My first Dean meetup

· long story short

So I attended the Oakland Dean 2004 meetup at the Box Theatre last night. Here’s a good shot of my emerging bald spot. You know, I’ve always voted, and usually for Democrats, but I’ve never before volunteered for a candidate or become in any way involved aside from passively following campaigns and then voting (and, I guess, enthusiastically discussing politics with friends). This time around I feel that I have to do what I can, large or small, to help change the direction of the country.
We went around that circle talking about why we were there, what we knew about Dean, why we were supporting, or considering supporting him, and asking and answering questions. There was a wide range of ages and political backgrounds represented, from Republicans to Democrats to Greens, with some people who expressed very little ideological leanings aside from particular issues (the environment, for example, or health care). There was general agreement that things are going in the wrong direction. About half of us had never worked for a candidate before.
Later, everyone met together and discussed ideas about how to improve the campaign. A big issue was reaching out to people who are not necessarily white, college-educated, and Internet-savvy. Often, the response was along the lines of ,”That’s a great idea. You should do it.” When anyone said, “Someone should…” the answer was often “You should….”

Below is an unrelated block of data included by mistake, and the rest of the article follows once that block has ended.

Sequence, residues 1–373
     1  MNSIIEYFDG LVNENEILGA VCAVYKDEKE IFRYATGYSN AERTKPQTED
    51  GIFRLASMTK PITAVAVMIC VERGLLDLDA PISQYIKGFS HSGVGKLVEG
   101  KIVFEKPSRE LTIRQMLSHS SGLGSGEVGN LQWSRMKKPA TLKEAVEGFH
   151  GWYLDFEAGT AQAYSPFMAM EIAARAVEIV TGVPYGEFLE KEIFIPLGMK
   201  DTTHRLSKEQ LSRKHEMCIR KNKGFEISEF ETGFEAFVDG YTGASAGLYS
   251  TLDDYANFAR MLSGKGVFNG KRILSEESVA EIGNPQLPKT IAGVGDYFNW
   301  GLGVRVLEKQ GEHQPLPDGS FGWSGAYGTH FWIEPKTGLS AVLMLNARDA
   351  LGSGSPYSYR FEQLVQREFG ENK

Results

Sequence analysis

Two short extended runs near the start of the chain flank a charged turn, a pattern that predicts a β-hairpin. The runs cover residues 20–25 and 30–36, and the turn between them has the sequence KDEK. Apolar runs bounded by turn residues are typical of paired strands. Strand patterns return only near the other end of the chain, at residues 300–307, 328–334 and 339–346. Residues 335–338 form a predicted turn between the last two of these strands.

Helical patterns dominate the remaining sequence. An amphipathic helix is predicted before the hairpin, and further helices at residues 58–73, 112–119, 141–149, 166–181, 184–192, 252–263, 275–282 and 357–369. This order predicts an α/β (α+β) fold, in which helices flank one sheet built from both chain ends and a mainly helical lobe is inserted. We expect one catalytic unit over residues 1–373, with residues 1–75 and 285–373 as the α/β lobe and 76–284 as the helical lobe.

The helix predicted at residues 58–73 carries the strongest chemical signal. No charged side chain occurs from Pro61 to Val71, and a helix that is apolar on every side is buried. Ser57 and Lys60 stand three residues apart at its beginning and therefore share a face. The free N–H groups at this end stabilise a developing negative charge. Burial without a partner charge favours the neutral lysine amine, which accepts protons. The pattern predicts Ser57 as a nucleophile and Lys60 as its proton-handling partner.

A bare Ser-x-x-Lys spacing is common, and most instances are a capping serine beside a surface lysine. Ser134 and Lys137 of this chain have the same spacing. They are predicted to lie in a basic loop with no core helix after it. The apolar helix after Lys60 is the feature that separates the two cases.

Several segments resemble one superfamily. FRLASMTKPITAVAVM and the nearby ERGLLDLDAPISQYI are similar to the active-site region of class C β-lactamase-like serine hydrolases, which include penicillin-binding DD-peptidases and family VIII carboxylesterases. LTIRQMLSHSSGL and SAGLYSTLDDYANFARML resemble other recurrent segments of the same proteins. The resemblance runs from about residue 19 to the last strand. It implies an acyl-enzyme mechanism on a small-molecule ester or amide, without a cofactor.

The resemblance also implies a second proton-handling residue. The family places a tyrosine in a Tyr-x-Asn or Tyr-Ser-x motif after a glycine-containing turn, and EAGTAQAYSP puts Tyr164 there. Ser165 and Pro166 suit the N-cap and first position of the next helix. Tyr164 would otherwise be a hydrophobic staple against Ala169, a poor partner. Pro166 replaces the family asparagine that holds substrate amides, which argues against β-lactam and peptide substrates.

I like the way this campaign is devolving down to the local and even individual level and inviting us to become agents in our own political process. Some are worried that this will lead to a muddy message or to loose-cannon behavior. This is a real risk, but I think the old-fashioned rigidly hierarchical campaign approach cannot stand against this radically decentralized energy.
We were asked to give money (of course) and to sign up to participate in other events, and then they screened a Dean speech from April in San Francisco that at time had the 100 or so people in the theatre audience whooping it up and cheering. I got a warm fellow feeling from the other attendees and I’m on the lookout now for more ways that I can contribute my time, energy, and skills to this effort.